Worm holes in Butternut

And some more....


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Looking real good. I'd better not show this to Melissa!

For the templates, you could print a little lip on the ends so that it has a place to register against the wood.
I like the concept of printing the templates with ledges to locate on the ends of the board.  To work I would need to have the edge on both sides of the template so I could flip it to mark both ends of the board. Good idea – Thanks!


I made all the molding for the upper and lower cabinets before starting assembly.  I had to get a picture of all of them together!

After completing the lower two moldings I made the bolection molding.  My painted pine cabinet had a similar molding which I scraped.  Unfortunately, this molding was a little larger, and so I considered making a new scraper.  It was then I realized I could make this with a side-bead and a round (but I ended up using a cove cutter at the router table).

The crown molding came next. This molding was the most complex.  I started by using the chamfer bit at the router table to form the center V. I then made multiple cuts on the table saw to remove most of the wood from the cove. I finished the cove using a #10 round and a scraper I ground to the shape. The round portion was then formed with a block plane, rabbet plane and scrapers. All that was left was to cut the two bevels.  This presented a predicament.  The angles were around 42° and 48°.  The 42° could be easily cut on the table saw.  The 48° would require running the board vertical against the fence and didn’t seem safe.  I ended up cutting the 48° at 45° and then hand planed to get the 48°.

The cap molding was easy. A quick run past the chamfer bit at the router table and a couple passes with a block plane and scraper.

I started by installing the cap molding.  I couldn’t find any evidence on Gene’s cabinet of pegs on the upper moldings, and I had a picture of the top of the cabinet which showed square cut nails, so I used Tremont cut nails to install all the moldings. To keep the cantilever ends aligned while gluing I used clamping blocks with adhesive sandpaper applied so they wouldn’t slip. A lot of clamps were involved but I could not be happier with the results.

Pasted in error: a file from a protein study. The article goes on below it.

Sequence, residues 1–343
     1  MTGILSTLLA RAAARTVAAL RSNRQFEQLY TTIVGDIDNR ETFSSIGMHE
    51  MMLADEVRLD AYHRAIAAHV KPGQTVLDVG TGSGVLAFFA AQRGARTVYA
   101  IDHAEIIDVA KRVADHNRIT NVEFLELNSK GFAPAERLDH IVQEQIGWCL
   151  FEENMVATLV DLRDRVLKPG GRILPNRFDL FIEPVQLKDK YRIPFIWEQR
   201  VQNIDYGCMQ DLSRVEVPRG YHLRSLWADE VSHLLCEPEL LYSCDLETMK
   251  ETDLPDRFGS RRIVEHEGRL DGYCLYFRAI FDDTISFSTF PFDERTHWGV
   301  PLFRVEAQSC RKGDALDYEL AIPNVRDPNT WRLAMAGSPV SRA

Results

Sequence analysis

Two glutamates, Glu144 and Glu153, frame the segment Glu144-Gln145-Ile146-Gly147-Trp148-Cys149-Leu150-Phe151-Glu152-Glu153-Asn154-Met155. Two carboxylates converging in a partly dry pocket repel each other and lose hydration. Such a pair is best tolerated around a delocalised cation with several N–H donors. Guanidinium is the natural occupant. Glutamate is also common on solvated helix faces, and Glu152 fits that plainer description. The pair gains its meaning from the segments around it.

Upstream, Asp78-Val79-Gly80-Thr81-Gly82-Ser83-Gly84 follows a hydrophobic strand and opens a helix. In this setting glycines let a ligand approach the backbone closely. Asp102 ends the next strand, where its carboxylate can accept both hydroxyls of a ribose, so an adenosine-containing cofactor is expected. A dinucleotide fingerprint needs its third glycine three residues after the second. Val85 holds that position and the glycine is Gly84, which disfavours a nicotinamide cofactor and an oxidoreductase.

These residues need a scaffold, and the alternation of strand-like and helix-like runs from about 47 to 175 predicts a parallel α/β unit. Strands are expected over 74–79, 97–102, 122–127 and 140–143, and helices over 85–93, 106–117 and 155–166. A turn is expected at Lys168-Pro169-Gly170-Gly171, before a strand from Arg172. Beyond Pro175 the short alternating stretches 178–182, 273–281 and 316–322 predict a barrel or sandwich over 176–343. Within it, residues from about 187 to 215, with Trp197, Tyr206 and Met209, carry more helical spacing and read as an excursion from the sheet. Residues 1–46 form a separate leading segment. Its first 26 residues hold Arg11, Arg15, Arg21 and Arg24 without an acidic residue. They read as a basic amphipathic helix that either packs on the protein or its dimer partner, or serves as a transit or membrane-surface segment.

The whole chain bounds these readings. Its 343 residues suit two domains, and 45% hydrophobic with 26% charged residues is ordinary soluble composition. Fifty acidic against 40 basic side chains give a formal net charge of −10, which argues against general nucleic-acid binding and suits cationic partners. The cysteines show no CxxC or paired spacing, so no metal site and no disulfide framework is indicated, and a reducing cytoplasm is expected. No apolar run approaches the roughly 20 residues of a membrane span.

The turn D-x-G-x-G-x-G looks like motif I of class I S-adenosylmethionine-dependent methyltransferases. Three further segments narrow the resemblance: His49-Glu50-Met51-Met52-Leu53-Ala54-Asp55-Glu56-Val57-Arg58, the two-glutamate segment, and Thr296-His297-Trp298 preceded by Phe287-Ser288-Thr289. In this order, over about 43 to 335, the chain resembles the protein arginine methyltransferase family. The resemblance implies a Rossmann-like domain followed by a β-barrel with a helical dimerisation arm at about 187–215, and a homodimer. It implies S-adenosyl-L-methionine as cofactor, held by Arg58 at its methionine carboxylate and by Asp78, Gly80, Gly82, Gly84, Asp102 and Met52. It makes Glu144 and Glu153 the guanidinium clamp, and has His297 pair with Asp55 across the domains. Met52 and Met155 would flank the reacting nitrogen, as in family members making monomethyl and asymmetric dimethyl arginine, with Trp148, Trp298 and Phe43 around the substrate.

I lost sleep over the compound miter cut on the crown molding (seriously I had dreams about it.)  I’ve installed lots of crown molding in our house and have made my share of cuts which were wrong.  I set up my chop saw for crown molding and used cut-offs from the ceiling crown to make practice cuts.  I laid these on the cabinet to be sure I had the layout correct. I made my side cuts and one front cut like I did on the base moldings. I marked the remaining cut using my block plane blade. I worked my way to a perfect fit by making several cuts. I repositioned the molding each time by changing a feeler gage next to my stop block.  Of course, there are a lot of errors built up in this cut due to the compound angle, and the fact the cabinet side might not be at a perfect right angle to the front.  To adjust the side piece miters I used carbon paper to look for contact points, and my big paring chisel to shave away material.

After these two moldings were done the bolection was a breeze.  I set all the nails and filled them with hide glue and fine butternut filings.

Next up: Doors.


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More pictures:


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And still more including my cut-off sample.


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Looks great. Nice tight miters. I normally do a few test cuts and get it real close. The on the returns I use a shooting board to adjust. But it looks like you would have needed a donkey ear for the molding that size.
Over the last couple months, I have been able to get into my shop here and there to work on the doors.  I held off for a while as I was trying to find a source for the hinges.  I found a couple places online but never got responses from e-mails and phone calls.  I finally found someone who went so far as to make a prototype and give me a quote, but he has not responded to repeated e-mails in over two months.  I found someone else who hopefully will be getting me a quote this week.

I decided to move forward with the doors as over-lap which means the hinge will require a 5/16” offset.

Even though I modeled the mortise and tenon joint in 3D, I still had a hard time figuring out the order of the build.  I had done this joint on my spice box-on-frame, but that was a long time ago.  I decided to grow the joint on my 3D printer, so I had pieces to hold in my hand for reference.  This worked great and allowed me to break the process down.  It is easy to do if you have done all the layout ahead of time with a knife.

Back in late April I had cut out all the rails and stiles and joined a face on each.  They sat for several weeks and were still flat, so I ran them through my planer (alternating sides) and then final sized them.

I had left my mortiser and tenon jig set-up from the face frame, so cutting these went quickly. I had noticed on the face frame some inconsistent results with the mortise, and so this time I brought a 6” quick release clamp to hold the boards to the fence.  Well worth the extra time of clamping and un-clamping for each plunge.  These were all through mortises which had to be cut from both sides.